Our previous analysis of the difference between provider payment rates from private plans and Medicare suggests that the adoption of Medicare payment rates could reduce per enrollee health spending for those aged 55-64 by almost $4,000 dollars per year. This analysis suggests that lowering Medicare’s eligibility age would lower total and per capita health care spending for people who shift from large employer plans to Medicare, thereby generating savings for employers and potentially increasing the affordability of health care for these individuals, while also shifting costs to the federal government associated with coverage for 60-64 year olds. The exact savings possible and the trade-offs involved would on depend many policy details that have yet to be specified.

Matthew Rae and Juliette Cubanski are with KFF. Anthony Damico is an independent consultant.

This work was supported in part by Arnold Ventures. We value our funders. KFF maintains full editorial control over all of its policy analysis, polling, and journalism activities

Large employer plans: We analyzed a sample of medical claims obtained from the 2018 IBM Health Analytics MarketScan Commercial Claims and Encounters Database, which contains claims information provided by large employer plans. We only included claims for people under the age of 65. This analysis used claims for almost 18 million people representing about 22% of the 82 million people in the large group market in 2018. Weights were applied to match counts in the Current Population Survey for enrollees at firms of a thousand or more workers by sex, age and state. Weights were trimmed at eight times the interquartile range. Costs include both amounts paid by enrollees in the form of cost-sharing and spending by the plan. These data reflect cost sharing incurred under the benefit plan, but do not include balance-billing payments that beneficiaries may make to health care providers for out-of-network services or out-of-pocket payments for non-covered services. In addition, total health spending includes spending on retail prescription drugs, and is not reduced by the amount of any rebates that a plan may receive.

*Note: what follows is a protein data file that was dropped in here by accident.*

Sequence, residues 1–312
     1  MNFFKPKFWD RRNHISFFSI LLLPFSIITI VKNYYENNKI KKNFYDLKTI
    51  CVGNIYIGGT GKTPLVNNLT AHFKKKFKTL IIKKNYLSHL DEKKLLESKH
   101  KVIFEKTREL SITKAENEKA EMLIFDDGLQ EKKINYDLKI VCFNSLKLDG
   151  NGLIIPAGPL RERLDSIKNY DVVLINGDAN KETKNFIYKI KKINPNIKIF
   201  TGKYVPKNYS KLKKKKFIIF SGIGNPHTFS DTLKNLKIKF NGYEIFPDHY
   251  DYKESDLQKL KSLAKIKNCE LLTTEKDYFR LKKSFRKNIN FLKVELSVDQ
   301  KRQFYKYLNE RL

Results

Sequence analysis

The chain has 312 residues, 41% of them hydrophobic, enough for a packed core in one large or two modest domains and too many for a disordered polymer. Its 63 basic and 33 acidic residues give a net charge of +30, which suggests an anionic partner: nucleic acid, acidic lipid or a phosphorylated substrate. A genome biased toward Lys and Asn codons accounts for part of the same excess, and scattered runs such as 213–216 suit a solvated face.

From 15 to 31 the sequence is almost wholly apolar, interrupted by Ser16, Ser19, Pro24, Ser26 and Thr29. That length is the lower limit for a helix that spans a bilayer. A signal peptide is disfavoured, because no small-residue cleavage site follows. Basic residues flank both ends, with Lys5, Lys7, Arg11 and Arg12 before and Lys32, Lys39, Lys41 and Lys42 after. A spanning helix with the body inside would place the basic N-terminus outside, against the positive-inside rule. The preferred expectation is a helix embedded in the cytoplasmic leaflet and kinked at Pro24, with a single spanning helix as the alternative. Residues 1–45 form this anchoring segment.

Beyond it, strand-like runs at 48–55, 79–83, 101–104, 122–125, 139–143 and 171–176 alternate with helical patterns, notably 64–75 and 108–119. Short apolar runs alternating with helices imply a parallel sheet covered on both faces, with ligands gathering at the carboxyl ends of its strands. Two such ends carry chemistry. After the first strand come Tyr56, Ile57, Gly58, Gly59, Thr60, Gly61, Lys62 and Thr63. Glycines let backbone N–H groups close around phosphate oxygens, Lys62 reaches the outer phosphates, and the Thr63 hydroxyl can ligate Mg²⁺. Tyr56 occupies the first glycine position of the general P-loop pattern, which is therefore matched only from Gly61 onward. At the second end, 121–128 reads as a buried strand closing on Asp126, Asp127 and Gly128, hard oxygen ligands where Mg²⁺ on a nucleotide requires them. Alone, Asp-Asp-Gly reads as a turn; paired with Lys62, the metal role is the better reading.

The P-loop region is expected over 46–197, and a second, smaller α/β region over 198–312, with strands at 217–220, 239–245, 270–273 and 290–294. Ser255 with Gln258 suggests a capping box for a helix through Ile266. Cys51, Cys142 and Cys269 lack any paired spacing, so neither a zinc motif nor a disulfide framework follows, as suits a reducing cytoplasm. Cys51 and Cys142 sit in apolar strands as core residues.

Medicare: We analyzed 2018 claims from a 20% sample of Medicare beneficiaries from the Centers for Medicare & Medicaid Services Chronic Conditions Data Warehouse. The analysis includes 25.4 million traditional Medicare beneficiaries only, excluding beneficiaries enrolled in Medicare Advantage plans (for whom claims data are not available), beneficiaries who originally qualified for Medicare due to having end-stage renal disease or a long-term disability, and beneficiaries who were not enrolled in both Part A and Part B for each month of enrollment during 2018. Claims include spending on health care services covered by Medicare and exclude non-covered services. Total health spending reflects payments by Medicare and beneficiary liability, and includes spending on retail prescription drugs, which is not reduced by the amount of any rebates that a plan may receive.

To derive estimates of average monthly per capita spending for each age cohort, we calculated the sum total of spending for each month of enrollment for all beneficiaries included in the cohort and the sum of the number of months those beneficiaries were enrolled, and divided the sum total spending by the sum total number of months.